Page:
The total area of the drake camper is 33 square meters and weighs approximately 8000 kilograms. The camper is 9 meters long and 2.6 meters wide with a height of 4 meters. The design has strongly followed the principle of “Form follows Function” as the couple spent enough years experimenting on all the factors needed for designing drake with a camper similar to drake which is smaller to it comparatively. The exterior skin of the camper is cladded with black corrugated metal in which the windows are placed in different sizes with adequate insulations for varied climatic conditions. 

The flooring is done with waterproof vinyl which resembles a wooden plank. Joni believes psychological and emotional response plays a vital role while living in such a small space, so even subtle shades and materials gives a huge impact on the visuals.

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LAND ARK ©JEREMY GUDAC PHOTOGRAPHY
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LAND ARK ©JEREMY GUDAC PHOTOGRAPHY
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LAND ARK ©JEREMY GUDAC PHOTOGRAPHY
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LAND ARK ©JEREMY GUDAC PHOTOGRAPHY
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LAND ARK ©JEREMY GUDAC PHOTOGRAPHY
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LAND ARK ©JEREMY GUDAC PHOTOGRAPHY

9. Mobile Lingerie Shop

Designed By: Design Studios Saw And Moa

This unique and bold design of a nomadic fitting room of women lingerie for an online retail shop called True&co is the first of its kind. It’s the first physical shop for the retailer whose main platform was based on online purchases. The moving shop creates a highly flexible, transformable, and comfortable platform, providing the ability to travel to different locations. The project brief was quite complex, as the client needed the shop to be welcoming and at the same time offering privacy to the customers.

The trailer which holds this shop measures 7 meters in length by 2.5 meters in width. The enclosure is cladded with materials like steel, glass, and wood, providing a contemporary and modernist look. The unit contains four fitting rooms, a seating area, and a checkout counter. The display unit of the products are 

displayed on boxed trays which are integrated into a millwork shelving unit.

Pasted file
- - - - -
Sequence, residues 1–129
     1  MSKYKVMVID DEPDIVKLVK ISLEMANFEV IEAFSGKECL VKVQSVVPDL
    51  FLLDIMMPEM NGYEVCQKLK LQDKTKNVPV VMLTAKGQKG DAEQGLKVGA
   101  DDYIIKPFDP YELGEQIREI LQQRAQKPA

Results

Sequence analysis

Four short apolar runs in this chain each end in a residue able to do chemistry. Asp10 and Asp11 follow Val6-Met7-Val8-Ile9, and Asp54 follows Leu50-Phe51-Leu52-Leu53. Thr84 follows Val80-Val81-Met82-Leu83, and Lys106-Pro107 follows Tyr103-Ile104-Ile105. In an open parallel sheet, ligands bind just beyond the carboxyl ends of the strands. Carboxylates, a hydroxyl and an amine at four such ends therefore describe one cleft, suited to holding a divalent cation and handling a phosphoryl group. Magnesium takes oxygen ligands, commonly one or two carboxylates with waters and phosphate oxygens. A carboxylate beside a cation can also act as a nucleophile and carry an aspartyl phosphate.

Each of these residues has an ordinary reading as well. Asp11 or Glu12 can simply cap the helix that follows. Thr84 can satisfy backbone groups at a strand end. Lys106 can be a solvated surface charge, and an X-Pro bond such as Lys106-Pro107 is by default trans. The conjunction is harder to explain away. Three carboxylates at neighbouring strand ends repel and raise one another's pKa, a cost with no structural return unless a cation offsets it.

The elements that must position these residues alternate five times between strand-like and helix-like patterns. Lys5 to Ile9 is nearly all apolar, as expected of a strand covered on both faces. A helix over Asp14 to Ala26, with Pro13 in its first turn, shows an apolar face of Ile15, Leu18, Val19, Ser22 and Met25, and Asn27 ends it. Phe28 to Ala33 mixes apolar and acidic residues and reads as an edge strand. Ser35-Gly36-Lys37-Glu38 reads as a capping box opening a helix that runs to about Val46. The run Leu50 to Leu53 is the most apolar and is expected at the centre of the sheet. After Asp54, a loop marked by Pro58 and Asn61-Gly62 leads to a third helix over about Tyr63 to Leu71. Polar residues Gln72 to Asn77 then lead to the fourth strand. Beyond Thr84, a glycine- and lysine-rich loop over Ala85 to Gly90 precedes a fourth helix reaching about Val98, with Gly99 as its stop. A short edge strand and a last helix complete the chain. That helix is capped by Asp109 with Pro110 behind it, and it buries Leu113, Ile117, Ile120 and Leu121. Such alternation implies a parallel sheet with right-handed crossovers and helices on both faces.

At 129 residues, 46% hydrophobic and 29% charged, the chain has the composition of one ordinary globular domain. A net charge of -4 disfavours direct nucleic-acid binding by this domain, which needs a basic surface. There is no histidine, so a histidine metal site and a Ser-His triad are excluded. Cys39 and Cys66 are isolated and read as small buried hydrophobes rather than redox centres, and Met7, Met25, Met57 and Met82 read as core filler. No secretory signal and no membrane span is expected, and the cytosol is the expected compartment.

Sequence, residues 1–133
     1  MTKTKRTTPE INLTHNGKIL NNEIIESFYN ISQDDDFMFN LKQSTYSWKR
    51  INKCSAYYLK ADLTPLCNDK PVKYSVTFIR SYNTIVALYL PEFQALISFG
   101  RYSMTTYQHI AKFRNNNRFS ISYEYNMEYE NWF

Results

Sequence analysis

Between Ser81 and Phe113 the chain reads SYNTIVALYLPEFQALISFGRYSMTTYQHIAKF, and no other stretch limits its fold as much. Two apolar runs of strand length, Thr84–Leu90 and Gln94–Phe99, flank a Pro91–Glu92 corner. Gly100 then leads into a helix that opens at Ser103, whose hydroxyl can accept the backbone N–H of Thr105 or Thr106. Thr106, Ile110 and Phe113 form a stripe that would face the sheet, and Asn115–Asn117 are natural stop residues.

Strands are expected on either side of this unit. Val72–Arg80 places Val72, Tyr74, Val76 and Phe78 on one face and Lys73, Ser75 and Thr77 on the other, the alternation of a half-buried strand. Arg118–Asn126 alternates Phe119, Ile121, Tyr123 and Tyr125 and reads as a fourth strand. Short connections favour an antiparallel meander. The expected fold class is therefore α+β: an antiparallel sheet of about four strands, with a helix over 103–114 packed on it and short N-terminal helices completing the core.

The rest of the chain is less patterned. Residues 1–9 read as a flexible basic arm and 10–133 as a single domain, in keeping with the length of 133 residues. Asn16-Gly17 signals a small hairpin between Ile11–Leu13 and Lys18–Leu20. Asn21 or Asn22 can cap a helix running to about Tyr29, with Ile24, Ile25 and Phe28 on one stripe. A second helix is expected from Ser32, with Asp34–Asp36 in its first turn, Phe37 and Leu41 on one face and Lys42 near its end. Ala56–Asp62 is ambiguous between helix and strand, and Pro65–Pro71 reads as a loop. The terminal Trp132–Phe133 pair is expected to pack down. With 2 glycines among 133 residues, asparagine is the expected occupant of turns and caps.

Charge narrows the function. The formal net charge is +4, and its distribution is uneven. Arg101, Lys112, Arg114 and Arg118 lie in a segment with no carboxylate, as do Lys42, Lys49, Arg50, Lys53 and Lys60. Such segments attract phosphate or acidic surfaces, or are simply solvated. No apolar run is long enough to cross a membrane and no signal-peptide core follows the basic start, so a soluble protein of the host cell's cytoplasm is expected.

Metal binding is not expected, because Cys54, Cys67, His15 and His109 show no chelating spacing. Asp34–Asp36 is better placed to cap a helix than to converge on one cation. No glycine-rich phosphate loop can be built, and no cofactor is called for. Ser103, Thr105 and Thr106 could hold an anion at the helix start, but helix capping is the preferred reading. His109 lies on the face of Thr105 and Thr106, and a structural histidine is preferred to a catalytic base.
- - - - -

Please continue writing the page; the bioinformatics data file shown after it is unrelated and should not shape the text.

One side of the exterior consists of folding doors and steps which pave the way inside the store. Each element operates independently, which allows the shop to self-adapt itself irrespective of factors such as different climate, locations, and needs. On the other side, the wall consists of a continuous wall made of glass emblazoning the name of the retailer shop. Behind the glass are the opaque panels that open and close when required, permitting natural light and privacy at the same time when needed.

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MOBILE LINGERIE SHOP ©BRUCE DAMONTE PHOTOGRAPHY
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MOBILE LINGERIE SHOP ©BRUCE DAMONTE PHOTOGRAPHY
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MOBILE LINGERIE SHOP ©BRUCE DAMONTE PHOTOGRAPHY

10. Pinecone Gazebo

Designed By: Atelier Sad 

The Pinecone gazebo is a nature-inspired design is a must-have for children as well as adults irrespective of any age. The structure consists of 109 waterproof plywood scales that are treated with resistant glaze. They are interconnected by joints that are galvanized to create a self-supporting sustainable structure. The gazebo is a more than one-dimensional design as it can serve all age groups which work in children’s playgrounds as well as a meditation space. Within a day, the pinecone can be fabricated in any space. Each scale of the pinecone is fabricated and spaced in such a way that it makes the structure well ventilated, providing a good microclimate irrespective of the usage.

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PINECONE GAZEBO ©MMCITE STREET FURNITURES
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PINECONE GAZEBO ©MMCITE STREET FURNITURES
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PINECONE GAZEBO ©MMCITE STREET FURNITURES
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PINECONE GAZEBO ©MMCITE STREET FURNITURES
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PINECONE GAZEBO ©MMCITE STREET FURNITURES
Author

Rose Christina Jeyaseelan,24-year-old architect, also a sustainability aficionado. Architecture for her is a journey through darkness searching for light. Personally, she loves to travel, sketch and explore the unexplored and she has a huge obsession over northern lights. Her interest in books have led the way to develop passion for writing as well. Here in RTF, she wishes to curate her perspective and chasmic thoughts on architecture and design.